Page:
The Allied Health Adaptive Reuse project is part of the overall former Royal Adelaide Hospital Demolition and Redevelopment Works (Lot Fourteen). The heritage listed Allied Health Services Building bounded by North Terrace to the south of the McEwin Building, Women’s Health Centre and Margaret Graham Building, was designated for internal strip out and demolition ready for new insertions as part of its future adaptive reuse.
Scope of Work
The scope of works included the Allied Health Services Building and adjoining link bridge to the Women’s Health Centre. Works included the demolition of lift shafts, linking bridge structures, garden beds, fixtures, furniture, fittings, internal walls, floors, ceilings, footings and plant rooms. Once the lift was demolished, the shaft was then used as a materials chutes. Large demolished items of plant and equipment were removed via the roof using mobile cranes. The concrete lift motor room and lift core was systematically dismantled using an engineered deconstruction methodology. Upper sections of the concrete lift core were saw cut and removed in sections via large mobile cranes. The lower concrete was demolished using a custom 13t long reach excavator using a cutter crusher and various attachments.
Suspended concrete ceilings were removed using a combination of concrete saw cutting and utilising a 2.2t demolition robot fitted with a cutter crusher and various advanced attachments. The use of a demolition robot ensured that 114m² of additional concrete ceilings identified after the initial strip out works was completed safely by removing workers from the line of fire and without impacting the forecast program.
Friable and bonded asbestos removal and remediation works were conducted in the plant room and in rooms with vinyl flooring containing asbestos materials. Fully encapsulated work areas were constructed in these locations using timber frames and 200µm plastic film and sealed to ensure fibre or particles could not migrate from these work areas. Asbestos containing materials were double wrapped in 200µm plastic film and disposed of at EPA licenced receiving stations. Multi-stage wet decontamination units were installed at the entrance to each encapsulation zone to ensure all materials, equipment and personnel exiting the enclosure were appropriately decontaminated and free of hazardous contaminates.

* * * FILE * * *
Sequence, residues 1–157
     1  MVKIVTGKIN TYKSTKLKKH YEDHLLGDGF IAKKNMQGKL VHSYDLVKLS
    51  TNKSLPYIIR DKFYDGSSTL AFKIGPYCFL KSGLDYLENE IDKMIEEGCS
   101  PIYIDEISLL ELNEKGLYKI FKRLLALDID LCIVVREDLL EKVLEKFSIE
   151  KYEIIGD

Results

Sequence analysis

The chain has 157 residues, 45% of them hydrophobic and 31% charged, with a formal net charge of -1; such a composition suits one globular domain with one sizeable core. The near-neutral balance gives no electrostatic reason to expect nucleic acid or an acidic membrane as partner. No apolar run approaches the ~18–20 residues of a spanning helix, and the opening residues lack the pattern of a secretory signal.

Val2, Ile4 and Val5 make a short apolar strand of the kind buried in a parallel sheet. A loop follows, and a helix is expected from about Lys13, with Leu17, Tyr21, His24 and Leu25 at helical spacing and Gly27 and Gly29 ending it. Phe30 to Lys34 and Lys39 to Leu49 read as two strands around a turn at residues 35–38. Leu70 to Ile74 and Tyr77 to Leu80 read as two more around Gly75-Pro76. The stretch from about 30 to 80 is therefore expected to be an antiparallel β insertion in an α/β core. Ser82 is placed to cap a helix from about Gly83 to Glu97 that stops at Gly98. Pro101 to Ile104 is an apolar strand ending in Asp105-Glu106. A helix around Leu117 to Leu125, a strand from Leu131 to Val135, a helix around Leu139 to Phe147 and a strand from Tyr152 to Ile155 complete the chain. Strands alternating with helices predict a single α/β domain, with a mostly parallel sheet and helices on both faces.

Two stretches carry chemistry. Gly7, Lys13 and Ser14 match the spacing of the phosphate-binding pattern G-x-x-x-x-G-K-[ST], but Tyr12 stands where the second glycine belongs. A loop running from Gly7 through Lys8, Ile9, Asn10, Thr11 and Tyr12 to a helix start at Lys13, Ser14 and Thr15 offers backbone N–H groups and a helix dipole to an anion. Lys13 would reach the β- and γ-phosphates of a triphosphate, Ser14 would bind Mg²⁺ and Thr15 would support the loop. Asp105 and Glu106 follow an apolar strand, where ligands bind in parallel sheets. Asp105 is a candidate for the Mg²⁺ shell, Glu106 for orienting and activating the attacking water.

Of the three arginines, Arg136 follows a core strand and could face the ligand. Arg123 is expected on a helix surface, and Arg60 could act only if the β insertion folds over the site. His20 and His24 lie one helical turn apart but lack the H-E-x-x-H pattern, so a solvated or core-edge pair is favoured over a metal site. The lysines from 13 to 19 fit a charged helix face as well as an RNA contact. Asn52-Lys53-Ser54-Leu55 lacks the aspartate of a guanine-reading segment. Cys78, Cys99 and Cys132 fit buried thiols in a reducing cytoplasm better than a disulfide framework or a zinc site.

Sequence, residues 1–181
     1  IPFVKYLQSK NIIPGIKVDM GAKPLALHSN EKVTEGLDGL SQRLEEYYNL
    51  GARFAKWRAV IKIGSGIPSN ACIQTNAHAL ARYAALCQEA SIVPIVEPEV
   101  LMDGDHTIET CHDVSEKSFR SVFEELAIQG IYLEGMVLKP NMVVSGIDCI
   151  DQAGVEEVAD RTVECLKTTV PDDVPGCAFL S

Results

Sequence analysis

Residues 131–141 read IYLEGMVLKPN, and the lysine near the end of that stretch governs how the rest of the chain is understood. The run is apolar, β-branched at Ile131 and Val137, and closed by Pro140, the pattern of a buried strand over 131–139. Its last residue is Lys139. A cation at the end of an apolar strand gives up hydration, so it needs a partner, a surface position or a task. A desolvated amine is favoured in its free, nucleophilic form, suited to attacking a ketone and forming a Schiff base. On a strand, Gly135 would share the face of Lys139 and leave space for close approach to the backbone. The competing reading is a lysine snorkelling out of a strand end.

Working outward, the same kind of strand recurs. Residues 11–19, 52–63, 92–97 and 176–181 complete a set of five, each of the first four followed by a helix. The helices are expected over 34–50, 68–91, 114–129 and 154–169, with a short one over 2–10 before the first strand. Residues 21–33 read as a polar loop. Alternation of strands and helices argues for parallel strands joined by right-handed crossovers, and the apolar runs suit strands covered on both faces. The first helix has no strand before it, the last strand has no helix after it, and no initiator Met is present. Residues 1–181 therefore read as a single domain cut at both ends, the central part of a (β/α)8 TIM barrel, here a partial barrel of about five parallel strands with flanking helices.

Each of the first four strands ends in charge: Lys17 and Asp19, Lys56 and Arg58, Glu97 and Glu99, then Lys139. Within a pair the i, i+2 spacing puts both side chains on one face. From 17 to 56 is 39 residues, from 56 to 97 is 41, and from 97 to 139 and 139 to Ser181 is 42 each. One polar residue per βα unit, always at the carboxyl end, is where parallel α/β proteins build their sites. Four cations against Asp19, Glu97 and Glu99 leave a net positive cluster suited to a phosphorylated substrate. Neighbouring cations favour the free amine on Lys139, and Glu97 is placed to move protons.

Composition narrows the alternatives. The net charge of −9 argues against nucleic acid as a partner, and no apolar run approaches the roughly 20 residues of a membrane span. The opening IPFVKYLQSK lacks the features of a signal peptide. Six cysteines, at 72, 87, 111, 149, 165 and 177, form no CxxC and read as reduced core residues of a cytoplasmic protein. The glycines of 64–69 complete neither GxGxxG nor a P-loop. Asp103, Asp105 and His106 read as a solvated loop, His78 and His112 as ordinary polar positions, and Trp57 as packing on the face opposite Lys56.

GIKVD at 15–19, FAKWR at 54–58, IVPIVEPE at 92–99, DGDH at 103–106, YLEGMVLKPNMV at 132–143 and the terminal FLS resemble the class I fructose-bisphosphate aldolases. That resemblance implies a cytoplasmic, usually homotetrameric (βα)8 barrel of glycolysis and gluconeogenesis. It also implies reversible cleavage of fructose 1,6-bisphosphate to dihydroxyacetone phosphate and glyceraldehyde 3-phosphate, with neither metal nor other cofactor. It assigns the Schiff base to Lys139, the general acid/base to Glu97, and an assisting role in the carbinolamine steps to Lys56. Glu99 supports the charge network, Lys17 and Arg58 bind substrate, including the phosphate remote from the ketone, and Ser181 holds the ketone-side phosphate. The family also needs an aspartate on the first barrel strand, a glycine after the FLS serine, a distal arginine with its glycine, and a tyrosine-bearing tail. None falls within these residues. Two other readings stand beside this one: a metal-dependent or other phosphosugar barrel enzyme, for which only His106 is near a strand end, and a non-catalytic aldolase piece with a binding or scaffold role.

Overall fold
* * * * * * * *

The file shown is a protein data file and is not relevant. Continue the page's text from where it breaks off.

Across the project, 480t of concrete and masonry and 65t of steel was demolished and recycled. 9t of asbestos containing materials was removed from site.
Service disconnections included fire, water, mechanical services, communications, electrical and power. Scaffolding works were required to deconstruction the lift shaft and the linkway while engineered hoarding delineated the work zone from hospital staff and the public and included fall protection. The project team engaged Wallbridge Gilbert Aztec (WGA) for temporary engineering designs to ensure stability and strength of the remnant structures as demolition progressed.
Due to the building’s close proximity to other hospital buildings, noise and vibration monitoring was undertaken on an ongoing basis to ensure works did not impact adjacent building integrity, hospital staff and the public. Dust control using water sprays, protective screens and monitoring ensured similar minimal impacts. Drains were protected to ensure demolition debris and sediment did not enter the stormwater system.
Plant and equipment utilised on the project included 4t to 14t demolition excavators, 125ft boom lifts, 80ft knuckle booms, semi tippers, skip bin trucks, a forklift, a telehandler, generators and personal decontamination units. Workforce peaked at 20 personnel. Traffic management plans were required for heavy vehicles entering and exiting the work site and for the removal of demolition and asbestos waste off site.